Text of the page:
- Aftercare and Recidivism
- Mental Health
- Restorative Justice
- Spiritual Darkness
- Spiritual Mentorship
- Crime and Punishment: History & Theory
- Biblical/Theological Foundations
- Prison Chaplaincy
- Restorative Justice
When we learn to identify our addiction, embrace our brokenness, and surrender to God, we begin to bring healing to ourselves and our world. Rohr shows how the gospel principles in the Twelve Steps can free anyone from any addiction – from an obvious dependence on alcohol or drugs to the more common but less visible addiction that we all have to sin.
Addiction & Grace – Gerald G. Mai, M.D.
Drawing on his experience as a psychiatrist working with the chemically dependent, Mai details the various addictions from which we suffer and emphasizes how addiction represents a doomed attempt to assert complete control over our lives. This is a compassionate and wise treatment of this important topic, offering a critical yet hopeful guide to a place of freedom based on contemplative spirituality.
Substance addictions present a unique set of challenges for pastoral care. In this book Sonia Waters weaves together personal stories, research, and theological reflection to offer helpful tools for ministers, counselors, chaplains, and anyone else called to care pastorally for those struggling with addiction.
Waters uses the story of the Gerasene demoniac in Mark’s Gospel to reframe addiction as a “soul-sickness” that arises from a legion of individual and social vulnerabilities. She includes pastoral reflections on oppression, the War on Drugs, trauma, guilt, discipleship, and identity. The final chapters focus on practical-care skills that address the challenges of recovery, especially ambivalence and resistance to change.
Boundaries – Dr. Henry Cloud and Dr. John Townsend
This book offers biblically-based answers to tough questions (E.g. Can I set limits and still be a loving person? What are legitimate boundaries? What if someone is upset or hurt by my boundaries?Aren’t boundaries selfish?). Through insights and stories, the authors demonstrate how to set healthy boundaries with our parents, spouses, children, friends, co-workers, and even ourselves.
Addiction & Grace – Gerald G. Mai, M.D.Jesus Calling – Sarah Young
These writings are based on Jesus’ own words of hope, guidance, and peace within Scripture—penned by one who loves Him and reveres His Word. These devotions will help you look forward to your time with God and experience a deeper relationship as you savour the presence of the One who understands you perfectly and loves you forever.
My Utmost for His Highest – Oswald Chambers
The book’s strength lies in its stubborn insistence on the objective reality of redemption as the only secure foundation. Today subjective experience is often accepted as the criterion for authentic faith. In Chambers, we are constantly being reminded that the ground of faith and experience is the person of Jesus Christ.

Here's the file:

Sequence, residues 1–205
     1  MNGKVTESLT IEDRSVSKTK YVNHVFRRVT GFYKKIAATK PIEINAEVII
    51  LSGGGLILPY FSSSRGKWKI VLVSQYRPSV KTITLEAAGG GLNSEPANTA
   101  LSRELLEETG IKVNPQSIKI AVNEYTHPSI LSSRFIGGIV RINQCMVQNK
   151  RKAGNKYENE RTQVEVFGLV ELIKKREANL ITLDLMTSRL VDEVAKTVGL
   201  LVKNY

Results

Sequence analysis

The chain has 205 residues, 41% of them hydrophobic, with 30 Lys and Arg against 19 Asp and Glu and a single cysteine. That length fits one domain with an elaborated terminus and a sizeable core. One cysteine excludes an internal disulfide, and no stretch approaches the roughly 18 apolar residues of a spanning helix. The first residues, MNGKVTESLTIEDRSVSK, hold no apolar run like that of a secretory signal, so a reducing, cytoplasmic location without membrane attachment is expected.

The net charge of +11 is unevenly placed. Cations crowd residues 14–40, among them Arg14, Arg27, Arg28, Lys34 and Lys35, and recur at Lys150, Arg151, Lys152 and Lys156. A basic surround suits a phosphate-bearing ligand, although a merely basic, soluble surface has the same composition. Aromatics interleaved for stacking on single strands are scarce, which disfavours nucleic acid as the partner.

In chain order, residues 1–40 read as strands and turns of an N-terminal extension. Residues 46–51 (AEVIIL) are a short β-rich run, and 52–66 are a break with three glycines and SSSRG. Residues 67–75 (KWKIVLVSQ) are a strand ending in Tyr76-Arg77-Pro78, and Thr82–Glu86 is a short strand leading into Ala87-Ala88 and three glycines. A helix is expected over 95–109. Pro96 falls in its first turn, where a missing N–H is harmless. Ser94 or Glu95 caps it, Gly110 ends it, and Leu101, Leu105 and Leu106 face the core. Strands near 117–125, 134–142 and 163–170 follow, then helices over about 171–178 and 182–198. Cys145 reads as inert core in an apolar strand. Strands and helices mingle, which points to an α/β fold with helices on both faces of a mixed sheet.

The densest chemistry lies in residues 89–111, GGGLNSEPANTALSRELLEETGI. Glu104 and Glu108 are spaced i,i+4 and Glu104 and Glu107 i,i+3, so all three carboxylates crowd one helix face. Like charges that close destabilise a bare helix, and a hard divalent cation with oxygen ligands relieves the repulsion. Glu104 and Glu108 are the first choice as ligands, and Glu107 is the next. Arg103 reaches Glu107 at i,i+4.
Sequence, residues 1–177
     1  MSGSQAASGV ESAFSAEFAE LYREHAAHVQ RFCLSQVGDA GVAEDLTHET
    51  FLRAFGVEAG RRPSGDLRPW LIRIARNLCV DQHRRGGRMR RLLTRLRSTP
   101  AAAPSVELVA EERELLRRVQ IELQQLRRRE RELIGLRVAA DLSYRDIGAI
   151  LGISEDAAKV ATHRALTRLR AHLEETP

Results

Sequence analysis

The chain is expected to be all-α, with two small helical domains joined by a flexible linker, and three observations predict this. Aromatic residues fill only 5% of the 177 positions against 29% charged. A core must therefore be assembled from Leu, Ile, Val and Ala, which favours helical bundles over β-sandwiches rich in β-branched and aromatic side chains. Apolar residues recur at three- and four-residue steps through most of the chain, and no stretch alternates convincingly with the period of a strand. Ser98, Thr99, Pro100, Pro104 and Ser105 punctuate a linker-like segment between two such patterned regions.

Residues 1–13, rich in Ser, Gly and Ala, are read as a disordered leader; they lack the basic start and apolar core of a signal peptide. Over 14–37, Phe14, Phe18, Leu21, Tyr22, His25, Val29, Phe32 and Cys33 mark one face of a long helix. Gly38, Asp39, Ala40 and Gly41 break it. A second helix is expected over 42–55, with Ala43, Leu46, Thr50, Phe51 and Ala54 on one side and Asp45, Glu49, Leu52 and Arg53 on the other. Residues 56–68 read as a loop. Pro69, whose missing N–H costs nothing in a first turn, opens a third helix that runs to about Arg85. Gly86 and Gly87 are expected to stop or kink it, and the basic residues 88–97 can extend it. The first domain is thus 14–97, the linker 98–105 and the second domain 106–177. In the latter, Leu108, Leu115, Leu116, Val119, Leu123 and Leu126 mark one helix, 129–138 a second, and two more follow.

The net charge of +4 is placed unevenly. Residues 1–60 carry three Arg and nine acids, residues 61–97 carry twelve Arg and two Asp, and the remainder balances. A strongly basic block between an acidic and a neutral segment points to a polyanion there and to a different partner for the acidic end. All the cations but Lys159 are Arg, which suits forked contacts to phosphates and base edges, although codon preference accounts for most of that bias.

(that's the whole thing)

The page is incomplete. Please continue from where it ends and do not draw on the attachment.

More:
The Songs of Jesus – Timothy Keller
Tim Keller takes readers on a year-long journey through the Psalms. During the first six months, there is a brief devotional on each of the Psalms, with a basic overview and life application. During the last six months, Keller show readers how to turn each Psalm into a prayer. The book features excerpts from Keller’s bestselling books, recommended readings for deeper study, and fresh biblical insights.
Experiencing God day by Day – Richard Blackaby and Henry T. Blackaby
Brimming with insight and seasoned with grace, this 365-day devotional reader helps to start a daily routine by focusing the mind on the divine presence in each life. Whether selected as a thoughtful gift or as a personal resource, this book will inspire great changes while sustaining the essential habit of turning to God on a daily basis.
We speak of grace often. But do we understand it? More important, do we truly believe in it… and do our lives proclaim it as powerfully as our words? This book gives us a probing and impassioned look at grace: what it looks like…what it doesn’t look like…and why only Christians can and must reveal the grace the world is searching for.
Grace is amazing because it is God’s provision for when we fall short of His standards. Unfortunately, too many of us embrace grace for our salvation but then leave it behind in our everyday lives. We base our relationship with God on our performance rather than on His love for us, even when we intuitively know that our performance cannot earn us the love we so desperately crave. Isn’t it time to stop trying to measure up and begin accepting the transforming power of God’s grace?
Caught up in crises—political, economic, and social—Canada continues to flounder, unable to solve or even really identify its problems. Instead, we assert absolute differences between ourselves: we are English or we are French; Natives or Europeans; early immigrants or newly arrived; from the east or from the west. Or we bow to ideologies and deny all differences in the name of nationalism, unity, or equality. In a startling exercise in reorientation, John Ralston Saul makes sense of Canadian myths—real, false, denied—and reconciles them with the reality of today’s politics, culture, and economics.
This autobiographical book demonstrates how difficult it is for individuals to come out of a cycle of addiction and crime, particularly where they have been abused and/or neglected and where systemic racism is at play. This is a heartwarming and heart-wrenching memoir.
Set in Northern Ontario in the late 1950s and early 1960s, it follows protagonist Saul Indian Horse as he uses his extraordinary talent for ice hockey to try and escape his traumatic residential school experience. He achieves moderate success as a hockey player but is unable to escape his “indian” identity or the trauma from his past. A prominent theme in the novel is the power of storytelling. Saul must tell his story in order to confront the horrors of his past. On his journey to sobriety, Saul reflects: “Sometimes ghosts linger. They hover in the furthest corners and when you least expect, lurch out, bearing everything they brought to you when they were alive.” (https://www.thecanadianencyclopedia.ca/en/article/indian-horse)